Friday, February 22, 2008

ENERGY STAR Change a Light, Change the World Campaign

If you live in my town, you may have noticed an article in our town's newspaper about this change a light campaign we're doing. But, I know not everyone reads it cover to cover, so I thought I'd discuss it a little here.

If you don't live in my town, you might still be interested in reading, because other communities can become involved in this campaign, too. You may want to mention it to the powers that be.

My town is encouraging 200 residents to pledge to replace at least one old fashioned light bulb in their home with a compact fluorescent bulb (CFL) that has earned the ENERGY STAR label. This campaign is kicking off on March 1, 2008.

If 200 residents change just one bulb per household, it is estimated that more than 80,000 pounds of greenhouse gas emissions will be saved over the life of those light bulbs. CFL's last 6-10 times as long as traditional bulbs and use 75% less energy. They cost more upfront, but save you money, and help save the planet, in the long run.

To sign up for the pledge, go to Energy Star's website, and click on "Join us, Take the Pledge." Fill out the form and in the organization box,  scroll down to our town's name (Borough of...) and pledge to change a light bulb (or 2 or 20).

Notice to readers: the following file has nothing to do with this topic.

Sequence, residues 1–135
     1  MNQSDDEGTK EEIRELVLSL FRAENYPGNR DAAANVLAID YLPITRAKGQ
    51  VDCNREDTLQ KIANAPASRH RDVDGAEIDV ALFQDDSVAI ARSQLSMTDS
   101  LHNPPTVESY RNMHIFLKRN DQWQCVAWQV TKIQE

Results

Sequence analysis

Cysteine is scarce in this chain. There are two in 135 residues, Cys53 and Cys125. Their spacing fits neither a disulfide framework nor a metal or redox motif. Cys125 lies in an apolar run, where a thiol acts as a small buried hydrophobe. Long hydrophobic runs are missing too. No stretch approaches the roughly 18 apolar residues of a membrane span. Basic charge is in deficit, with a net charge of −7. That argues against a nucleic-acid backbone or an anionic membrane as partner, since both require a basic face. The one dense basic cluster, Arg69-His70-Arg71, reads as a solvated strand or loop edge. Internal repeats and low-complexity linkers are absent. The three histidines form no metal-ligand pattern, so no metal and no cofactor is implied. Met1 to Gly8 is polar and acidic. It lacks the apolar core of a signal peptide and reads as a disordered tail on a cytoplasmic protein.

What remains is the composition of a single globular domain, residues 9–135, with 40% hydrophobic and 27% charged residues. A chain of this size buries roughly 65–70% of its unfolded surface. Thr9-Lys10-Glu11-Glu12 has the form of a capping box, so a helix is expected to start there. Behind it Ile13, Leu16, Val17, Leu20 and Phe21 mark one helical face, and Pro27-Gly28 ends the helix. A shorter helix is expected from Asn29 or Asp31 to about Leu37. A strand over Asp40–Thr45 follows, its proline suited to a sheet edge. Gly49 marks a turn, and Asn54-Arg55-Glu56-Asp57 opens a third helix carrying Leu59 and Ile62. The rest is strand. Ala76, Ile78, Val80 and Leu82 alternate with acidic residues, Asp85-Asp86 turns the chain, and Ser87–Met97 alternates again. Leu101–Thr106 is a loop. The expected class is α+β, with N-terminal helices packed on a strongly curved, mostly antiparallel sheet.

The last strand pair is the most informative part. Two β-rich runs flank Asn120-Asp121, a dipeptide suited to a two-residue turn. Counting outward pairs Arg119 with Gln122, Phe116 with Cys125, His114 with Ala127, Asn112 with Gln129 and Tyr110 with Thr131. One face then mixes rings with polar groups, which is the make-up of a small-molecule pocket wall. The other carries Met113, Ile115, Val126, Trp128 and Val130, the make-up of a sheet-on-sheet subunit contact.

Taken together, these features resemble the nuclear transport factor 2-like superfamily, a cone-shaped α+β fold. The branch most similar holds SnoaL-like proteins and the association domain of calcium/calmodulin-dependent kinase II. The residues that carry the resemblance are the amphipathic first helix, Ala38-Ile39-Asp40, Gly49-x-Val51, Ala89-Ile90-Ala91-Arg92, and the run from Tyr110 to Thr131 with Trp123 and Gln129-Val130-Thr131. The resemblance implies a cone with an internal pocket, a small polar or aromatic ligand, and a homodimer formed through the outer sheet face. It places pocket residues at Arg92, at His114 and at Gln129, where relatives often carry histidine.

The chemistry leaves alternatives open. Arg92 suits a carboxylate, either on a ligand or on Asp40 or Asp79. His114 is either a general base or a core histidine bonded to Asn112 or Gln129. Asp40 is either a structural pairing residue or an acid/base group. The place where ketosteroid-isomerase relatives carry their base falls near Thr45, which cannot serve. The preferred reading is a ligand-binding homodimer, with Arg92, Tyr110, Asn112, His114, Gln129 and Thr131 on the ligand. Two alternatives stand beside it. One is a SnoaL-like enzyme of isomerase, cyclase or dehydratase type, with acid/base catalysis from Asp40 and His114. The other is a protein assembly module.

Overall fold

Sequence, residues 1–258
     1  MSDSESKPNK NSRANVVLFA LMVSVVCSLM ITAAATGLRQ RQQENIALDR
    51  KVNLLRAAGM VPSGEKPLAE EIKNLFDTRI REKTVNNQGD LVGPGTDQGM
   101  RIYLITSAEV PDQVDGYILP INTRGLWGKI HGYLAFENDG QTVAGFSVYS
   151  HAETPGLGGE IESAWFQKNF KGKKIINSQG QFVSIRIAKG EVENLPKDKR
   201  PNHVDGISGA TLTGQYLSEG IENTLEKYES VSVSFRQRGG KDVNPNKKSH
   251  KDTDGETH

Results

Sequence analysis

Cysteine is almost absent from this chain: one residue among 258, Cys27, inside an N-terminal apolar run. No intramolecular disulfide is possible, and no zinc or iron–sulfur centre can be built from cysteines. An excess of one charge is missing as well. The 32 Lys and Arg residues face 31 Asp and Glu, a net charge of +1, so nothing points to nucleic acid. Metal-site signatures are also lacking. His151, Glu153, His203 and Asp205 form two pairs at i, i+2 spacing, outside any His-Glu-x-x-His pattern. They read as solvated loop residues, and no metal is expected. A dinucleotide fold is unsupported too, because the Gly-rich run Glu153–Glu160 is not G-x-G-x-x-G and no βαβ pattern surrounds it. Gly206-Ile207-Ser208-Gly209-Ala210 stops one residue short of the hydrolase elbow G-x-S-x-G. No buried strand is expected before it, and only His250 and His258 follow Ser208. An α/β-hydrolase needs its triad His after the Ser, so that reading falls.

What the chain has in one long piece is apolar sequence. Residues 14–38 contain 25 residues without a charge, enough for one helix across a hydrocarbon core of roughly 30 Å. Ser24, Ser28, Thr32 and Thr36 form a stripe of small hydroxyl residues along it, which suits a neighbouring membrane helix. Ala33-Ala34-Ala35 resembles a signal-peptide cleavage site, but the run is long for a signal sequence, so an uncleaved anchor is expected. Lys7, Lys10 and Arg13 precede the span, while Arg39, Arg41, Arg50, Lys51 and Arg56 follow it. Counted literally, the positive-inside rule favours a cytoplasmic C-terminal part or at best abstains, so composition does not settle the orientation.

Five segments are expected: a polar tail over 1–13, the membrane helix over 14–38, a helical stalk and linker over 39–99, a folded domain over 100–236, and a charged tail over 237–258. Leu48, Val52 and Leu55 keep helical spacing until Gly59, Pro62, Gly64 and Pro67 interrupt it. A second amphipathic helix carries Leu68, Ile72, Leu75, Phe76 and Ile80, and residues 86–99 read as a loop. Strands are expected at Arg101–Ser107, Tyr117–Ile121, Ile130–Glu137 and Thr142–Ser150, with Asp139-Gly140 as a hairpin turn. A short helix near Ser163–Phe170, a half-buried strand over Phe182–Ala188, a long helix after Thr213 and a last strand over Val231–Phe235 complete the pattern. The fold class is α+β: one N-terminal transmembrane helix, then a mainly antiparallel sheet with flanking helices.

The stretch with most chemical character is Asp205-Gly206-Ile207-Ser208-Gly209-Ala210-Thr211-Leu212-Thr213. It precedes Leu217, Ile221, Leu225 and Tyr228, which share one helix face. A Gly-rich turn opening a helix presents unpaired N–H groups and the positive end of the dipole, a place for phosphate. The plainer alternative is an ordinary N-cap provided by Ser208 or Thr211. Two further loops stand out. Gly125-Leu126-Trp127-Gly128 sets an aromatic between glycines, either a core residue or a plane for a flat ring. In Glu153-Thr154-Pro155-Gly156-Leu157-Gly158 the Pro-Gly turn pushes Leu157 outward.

I know that a lot of people are leery of CFL's. They have a reputation of not giving off the same kind of light as traditional bulbs. I found this at first, too, but their quality has greatly improved over the past year and the ones I am buying now are better than the ones I bought a year ago.

Another concern is the fact that CFL's contain mercury and that the bulb's pose a hazard if they break. The hazard's are not that dangerous, and the EPA has a site that recommends what to do if one does break. Click, here, and scroll down the page to "What to Do if a Fluorescent Light Bulb Breaks."

You can also find the closest recycling center for CFL's, here, and I just found out as I was researching this that you can take CFL's back to IKEA stores where they have recycling bins.

For more info on CFL's you can go to Energy Star's information page on them, here.

Changing out light bulbs is one easy way that we all can become a little greener every day.

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